KevCaz's Website

For this 100th SilicoNote/post, I have decided to share some notes about this website : its story and a few details about how I built the last version of it.

The short story behind my website

As far as I remembered, I have built 5 different versions of my personal website. I decided to get a website when I was doing my PhD, back in 2014 (not a 100% about sure about the timeline), in order to share some of my work. With my (very) modest skills I built a first website using CSS, HTML and a bit of PHP, no framework of any sort, no static site generators either. It was hosted by 1and1 (which is now Ionos, apparently) and I used to send updates to the server with FileZilla. It was a funny looking website… looked like a website from the 90’s! Shame I didn’t take a screenshot! It lasted a year or so before I worked on a second version.

In 2015, I rebuilt my personal website with Jekyll, which was a big improvement: I was able to write posts more efficiently because I wrote them with Markdown and I was able to use GitHub to version my website (now archived on GitHub) and to host it on GitHub Pages! I had a good experience with Jekyll, it made me realize the power of static site generators. But I struggled a bit with Liquid which, I guess, is the main reason why I decided to try Hugo out, which I have been using ever since.

I created three different versions of my personal website with Hugo. The learning curve was rather steep, but one step at a time, I managed to get used to partials, shortcode, archetypes, etc. The documentation, including the great tutorials by Mike Dane (‘Giraffe Academy’ at the time) were extremely helpful for this! I first used the ‘Academic’ theme without any modification. It was well suited for my needs and I was rather content with it, but at some point, I was looking for more freedom and I decided to work on my skills to get such freedom. So, for the second version (released in February 2018), I chose a very minimal theme, Hugo Xmin, that I forked and tweaked in KevCaz/hugo-KevCaz. This was a good mean to have a first experience with Hugo themes and this actually led me to consider creating my own theme, which I did in the third Hugo version (so the 5th version total, released in February 2020), which is the one you are looking at (well, at least if it is an update relatively close to commit a2baec2). I’d like to share what I’ve learned building this 5th version in what follows.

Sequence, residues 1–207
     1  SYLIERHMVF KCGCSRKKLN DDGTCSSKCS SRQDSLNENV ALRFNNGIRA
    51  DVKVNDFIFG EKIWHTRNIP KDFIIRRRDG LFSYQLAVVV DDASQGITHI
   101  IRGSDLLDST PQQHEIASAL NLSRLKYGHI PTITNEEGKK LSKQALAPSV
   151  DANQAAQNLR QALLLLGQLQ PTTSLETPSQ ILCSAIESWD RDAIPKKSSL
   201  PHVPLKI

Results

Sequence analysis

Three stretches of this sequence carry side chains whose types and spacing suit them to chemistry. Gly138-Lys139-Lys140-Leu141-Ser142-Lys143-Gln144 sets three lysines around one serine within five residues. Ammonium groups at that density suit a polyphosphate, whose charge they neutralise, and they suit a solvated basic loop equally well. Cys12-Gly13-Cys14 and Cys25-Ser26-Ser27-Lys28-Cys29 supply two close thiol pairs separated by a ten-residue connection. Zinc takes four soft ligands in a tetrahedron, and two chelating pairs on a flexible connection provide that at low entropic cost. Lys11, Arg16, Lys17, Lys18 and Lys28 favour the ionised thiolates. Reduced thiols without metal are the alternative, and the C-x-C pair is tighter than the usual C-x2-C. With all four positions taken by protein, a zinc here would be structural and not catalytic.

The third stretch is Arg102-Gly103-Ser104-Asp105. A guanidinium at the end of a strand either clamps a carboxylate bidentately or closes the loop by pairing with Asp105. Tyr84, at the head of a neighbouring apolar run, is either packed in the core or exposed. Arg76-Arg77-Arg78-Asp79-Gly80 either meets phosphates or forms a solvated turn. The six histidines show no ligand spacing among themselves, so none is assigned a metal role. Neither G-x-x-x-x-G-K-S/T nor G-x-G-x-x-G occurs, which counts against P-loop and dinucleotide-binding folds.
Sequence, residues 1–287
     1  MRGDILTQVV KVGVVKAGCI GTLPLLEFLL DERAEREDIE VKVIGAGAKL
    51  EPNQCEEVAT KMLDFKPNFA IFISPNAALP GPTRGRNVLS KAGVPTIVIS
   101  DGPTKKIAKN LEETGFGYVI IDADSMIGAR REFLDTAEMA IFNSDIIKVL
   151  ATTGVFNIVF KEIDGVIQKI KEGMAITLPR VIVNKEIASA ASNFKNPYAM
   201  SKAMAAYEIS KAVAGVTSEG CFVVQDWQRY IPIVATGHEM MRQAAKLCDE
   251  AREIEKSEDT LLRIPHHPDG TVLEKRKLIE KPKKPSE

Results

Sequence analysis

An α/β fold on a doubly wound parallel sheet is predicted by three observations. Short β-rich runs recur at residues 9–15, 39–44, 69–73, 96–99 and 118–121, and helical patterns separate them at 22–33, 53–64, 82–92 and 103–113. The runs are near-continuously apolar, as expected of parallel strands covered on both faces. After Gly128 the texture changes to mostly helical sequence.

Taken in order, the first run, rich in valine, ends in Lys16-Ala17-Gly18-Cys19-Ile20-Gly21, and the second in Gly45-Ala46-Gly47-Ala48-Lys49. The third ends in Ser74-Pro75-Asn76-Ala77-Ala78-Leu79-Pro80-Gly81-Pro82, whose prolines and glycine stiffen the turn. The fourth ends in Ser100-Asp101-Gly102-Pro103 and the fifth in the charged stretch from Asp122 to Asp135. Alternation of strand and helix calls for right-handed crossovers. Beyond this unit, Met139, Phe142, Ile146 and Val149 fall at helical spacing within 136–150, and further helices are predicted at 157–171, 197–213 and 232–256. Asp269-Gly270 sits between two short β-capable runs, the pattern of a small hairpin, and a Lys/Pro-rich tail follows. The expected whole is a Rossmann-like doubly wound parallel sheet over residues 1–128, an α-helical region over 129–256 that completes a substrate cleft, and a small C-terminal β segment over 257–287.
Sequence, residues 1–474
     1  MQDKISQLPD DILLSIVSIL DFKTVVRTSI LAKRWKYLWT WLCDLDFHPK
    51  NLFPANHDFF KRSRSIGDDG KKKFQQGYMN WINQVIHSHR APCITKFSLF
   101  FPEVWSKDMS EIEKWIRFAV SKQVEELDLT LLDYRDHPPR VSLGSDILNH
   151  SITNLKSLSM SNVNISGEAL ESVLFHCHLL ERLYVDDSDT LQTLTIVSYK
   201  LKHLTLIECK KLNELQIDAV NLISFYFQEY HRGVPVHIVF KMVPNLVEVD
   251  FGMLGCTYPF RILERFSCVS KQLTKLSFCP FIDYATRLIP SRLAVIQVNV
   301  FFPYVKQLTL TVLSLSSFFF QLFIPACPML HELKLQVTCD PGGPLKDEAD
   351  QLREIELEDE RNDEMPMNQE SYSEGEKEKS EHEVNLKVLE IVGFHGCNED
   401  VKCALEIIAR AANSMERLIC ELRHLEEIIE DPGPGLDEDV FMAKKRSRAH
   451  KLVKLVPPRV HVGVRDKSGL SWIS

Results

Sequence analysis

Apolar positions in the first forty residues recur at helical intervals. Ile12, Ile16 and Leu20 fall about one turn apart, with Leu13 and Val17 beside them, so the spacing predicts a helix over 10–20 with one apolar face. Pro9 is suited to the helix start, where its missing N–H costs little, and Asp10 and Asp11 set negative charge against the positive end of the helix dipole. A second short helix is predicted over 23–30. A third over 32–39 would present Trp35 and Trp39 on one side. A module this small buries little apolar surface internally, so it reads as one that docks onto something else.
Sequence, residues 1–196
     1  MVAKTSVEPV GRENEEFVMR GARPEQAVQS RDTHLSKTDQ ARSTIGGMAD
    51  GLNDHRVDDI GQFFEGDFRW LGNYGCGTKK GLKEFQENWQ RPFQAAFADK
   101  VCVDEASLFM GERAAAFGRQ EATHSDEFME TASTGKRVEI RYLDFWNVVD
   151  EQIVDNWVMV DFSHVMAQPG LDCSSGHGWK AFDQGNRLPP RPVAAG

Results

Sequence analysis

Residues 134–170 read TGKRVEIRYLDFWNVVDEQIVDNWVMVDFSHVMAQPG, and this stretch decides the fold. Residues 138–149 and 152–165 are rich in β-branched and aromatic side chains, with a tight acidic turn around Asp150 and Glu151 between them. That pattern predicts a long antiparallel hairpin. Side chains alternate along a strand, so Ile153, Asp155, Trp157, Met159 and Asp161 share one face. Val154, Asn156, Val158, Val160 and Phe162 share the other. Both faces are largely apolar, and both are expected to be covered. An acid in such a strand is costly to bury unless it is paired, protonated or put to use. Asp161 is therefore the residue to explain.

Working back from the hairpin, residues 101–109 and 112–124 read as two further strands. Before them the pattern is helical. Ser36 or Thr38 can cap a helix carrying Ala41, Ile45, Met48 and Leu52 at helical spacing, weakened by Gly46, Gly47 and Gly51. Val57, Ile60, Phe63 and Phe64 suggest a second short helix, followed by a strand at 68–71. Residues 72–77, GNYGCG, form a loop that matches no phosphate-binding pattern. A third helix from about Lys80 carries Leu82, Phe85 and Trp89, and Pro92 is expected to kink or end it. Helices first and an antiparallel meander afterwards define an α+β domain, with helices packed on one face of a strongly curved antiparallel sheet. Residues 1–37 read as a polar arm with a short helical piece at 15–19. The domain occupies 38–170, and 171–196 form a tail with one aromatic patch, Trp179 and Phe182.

Screenshot of the home page of this website (localhost, January 29th 2021, commit a2baec2)

The 5th version

My website is now an important tool for me to gather and structure some details about my professional life, to showcase my work and to write blog posts. When I built my Hugo theme I had several goals in mind to either make my website even more tailored to my needs or to use specific technologies :

  • I had a specific design in mind with two vertical navigation bars.
  • I wanted a fairly light theme (i.e. not relying on heavy external libraries/frameworks)
  • I was eager to use Sass (mainly to use variables in CSS)
  • I was looking for using as many Hugo features as possible!

I achieved those goals by working a week or two on my theme: funkyflex and now I feel that I really have a website tailored to my needs, let me tell you a bit more in the next sections.

First thing: the design

I am glad that I thought about the design first, because it helped me build the website step by step with a clear goal for the visual rendering. In my mind, I had to get the following design elements right:

  • a main navigation bar on the left side,
  • no top navigation bar and no footer (actually this is only true for medium and large devices)
  • a secondary/contextual navigation bar to help navigating through the page content;
  • the home page had to include an academic mission statement